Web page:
New York's Cooperative and Condominium Community
Member, Norris McLaughlin
Duty to maintain confidentiality. If a board member is disclosing confidential information about a shareholder and that causes some harm or damage, in theory, the board has exposure because it failed to do its duty to maintain confidentiality. Or say two directors go home after a board meeting where shareholder litigation was discussed. The directors are riding the elevator, talking about the litigation but, unfortunately, the subject of the litigation is also in the elevator.
Three step process for violators. A board can deal with violation of confidentiality in a three step process: censure, suspension and removal. Censure is a statement saying director X did this wrong thing. It can be internal to the board, with a memo of what they did, or it can be made public to the shareholders. Suspension means that a super majority of the board votes to suspend the violator for some period of time. Removal of a director is a very big step, because you’re overturning the shareholders’ election of a director. But if you have a director who is consistently breaching protocol removal is an option.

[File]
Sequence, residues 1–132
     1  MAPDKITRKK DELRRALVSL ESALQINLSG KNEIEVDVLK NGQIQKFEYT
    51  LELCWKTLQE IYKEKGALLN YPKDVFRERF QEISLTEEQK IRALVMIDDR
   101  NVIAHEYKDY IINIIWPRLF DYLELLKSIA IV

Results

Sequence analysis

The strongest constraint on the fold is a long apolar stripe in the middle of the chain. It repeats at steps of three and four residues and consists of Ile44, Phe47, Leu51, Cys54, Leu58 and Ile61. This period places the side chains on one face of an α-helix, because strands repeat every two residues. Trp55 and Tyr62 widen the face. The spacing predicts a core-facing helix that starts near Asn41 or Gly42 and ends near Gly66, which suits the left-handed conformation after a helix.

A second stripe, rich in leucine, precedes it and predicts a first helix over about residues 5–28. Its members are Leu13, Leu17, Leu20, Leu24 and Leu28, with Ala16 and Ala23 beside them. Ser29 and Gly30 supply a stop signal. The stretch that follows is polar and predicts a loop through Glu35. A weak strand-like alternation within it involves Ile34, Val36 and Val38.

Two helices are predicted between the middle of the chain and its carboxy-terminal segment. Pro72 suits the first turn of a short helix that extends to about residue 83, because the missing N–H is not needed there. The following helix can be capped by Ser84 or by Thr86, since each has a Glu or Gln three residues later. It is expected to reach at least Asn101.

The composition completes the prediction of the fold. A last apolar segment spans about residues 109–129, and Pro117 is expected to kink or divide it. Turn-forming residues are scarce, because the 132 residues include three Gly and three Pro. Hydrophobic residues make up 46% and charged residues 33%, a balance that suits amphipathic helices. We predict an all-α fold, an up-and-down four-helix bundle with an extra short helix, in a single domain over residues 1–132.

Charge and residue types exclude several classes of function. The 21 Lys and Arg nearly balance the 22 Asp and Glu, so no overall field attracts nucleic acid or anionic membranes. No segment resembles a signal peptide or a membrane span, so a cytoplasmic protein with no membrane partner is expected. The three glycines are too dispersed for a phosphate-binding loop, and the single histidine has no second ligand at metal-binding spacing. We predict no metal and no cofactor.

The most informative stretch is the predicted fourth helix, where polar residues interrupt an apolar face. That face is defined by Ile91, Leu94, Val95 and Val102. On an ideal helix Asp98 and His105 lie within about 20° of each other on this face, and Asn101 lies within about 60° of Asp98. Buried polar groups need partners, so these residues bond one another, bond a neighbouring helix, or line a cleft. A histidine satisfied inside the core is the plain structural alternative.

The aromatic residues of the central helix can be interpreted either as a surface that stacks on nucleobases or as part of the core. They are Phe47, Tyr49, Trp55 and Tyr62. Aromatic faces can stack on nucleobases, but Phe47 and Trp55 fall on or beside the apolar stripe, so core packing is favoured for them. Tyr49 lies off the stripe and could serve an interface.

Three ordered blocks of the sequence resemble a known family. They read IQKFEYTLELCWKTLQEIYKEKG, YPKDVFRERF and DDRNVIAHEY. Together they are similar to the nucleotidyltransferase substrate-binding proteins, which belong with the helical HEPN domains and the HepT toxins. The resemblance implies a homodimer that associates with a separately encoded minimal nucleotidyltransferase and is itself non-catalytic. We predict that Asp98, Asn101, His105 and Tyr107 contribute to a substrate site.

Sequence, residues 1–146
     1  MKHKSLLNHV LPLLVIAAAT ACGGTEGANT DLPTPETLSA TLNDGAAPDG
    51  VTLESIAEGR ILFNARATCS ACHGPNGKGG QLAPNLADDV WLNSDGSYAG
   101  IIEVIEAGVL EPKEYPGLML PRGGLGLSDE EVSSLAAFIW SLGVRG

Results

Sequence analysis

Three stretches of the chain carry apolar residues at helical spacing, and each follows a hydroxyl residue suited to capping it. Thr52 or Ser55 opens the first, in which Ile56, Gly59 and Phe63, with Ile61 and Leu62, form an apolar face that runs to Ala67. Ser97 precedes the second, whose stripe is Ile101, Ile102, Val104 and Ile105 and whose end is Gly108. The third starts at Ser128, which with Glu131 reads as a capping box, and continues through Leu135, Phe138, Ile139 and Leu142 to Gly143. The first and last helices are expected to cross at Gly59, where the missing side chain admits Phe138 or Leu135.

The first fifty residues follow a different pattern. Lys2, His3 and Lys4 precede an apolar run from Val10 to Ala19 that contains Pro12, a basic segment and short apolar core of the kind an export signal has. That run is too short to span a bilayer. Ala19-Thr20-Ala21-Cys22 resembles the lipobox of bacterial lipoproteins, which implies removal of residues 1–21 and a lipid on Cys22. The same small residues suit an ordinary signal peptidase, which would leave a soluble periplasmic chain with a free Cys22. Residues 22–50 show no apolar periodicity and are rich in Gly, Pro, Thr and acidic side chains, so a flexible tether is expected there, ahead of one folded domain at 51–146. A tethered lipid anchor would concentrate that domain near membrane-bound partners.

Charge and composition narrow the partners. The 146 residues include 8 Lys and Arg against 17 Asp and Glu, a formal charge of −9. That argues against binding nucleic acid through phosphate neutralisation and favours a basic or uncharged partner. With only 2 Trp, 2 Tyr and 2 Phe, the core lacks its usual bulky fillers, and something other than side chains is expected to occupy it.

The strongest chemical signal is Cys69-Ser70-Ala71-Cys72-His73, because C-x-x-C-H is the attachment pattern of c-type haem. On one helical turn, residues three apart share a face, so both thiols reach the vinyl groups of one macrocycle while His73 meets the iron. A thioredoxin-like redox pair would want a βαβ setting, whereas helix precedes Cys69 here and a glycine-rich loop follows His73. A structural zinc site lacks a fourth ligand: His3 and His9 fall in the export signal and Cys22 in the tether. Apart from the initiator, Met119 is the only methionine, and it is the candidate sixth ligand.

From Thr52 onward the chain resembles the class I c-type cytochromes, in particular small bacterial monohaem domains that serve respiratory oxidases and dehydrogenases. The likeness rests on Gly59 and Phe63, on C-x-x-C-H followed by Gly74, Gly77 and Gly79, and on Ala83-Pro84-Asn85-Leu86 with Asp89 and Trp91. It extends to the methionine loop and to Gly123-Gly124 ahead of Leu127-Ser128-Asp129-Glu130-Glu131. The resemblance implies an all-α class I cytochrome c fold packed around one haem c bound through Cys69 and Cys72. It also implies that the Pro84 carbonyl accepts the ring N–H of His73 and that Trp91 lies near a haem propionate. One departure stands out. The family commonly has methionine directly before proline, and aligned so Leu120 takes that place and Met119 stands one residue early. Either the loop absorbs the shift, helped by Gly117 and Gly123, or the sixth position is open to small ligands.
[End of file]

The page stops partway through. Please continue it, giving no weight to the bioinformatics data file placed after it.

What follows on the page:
Board rules. Oftentimes the disclosure is inadvertent, which is why boards have to be conscientious about the duty to maintain confidentiality. They need to know that if they improperly disclose or misuse private information there are clear consequences.
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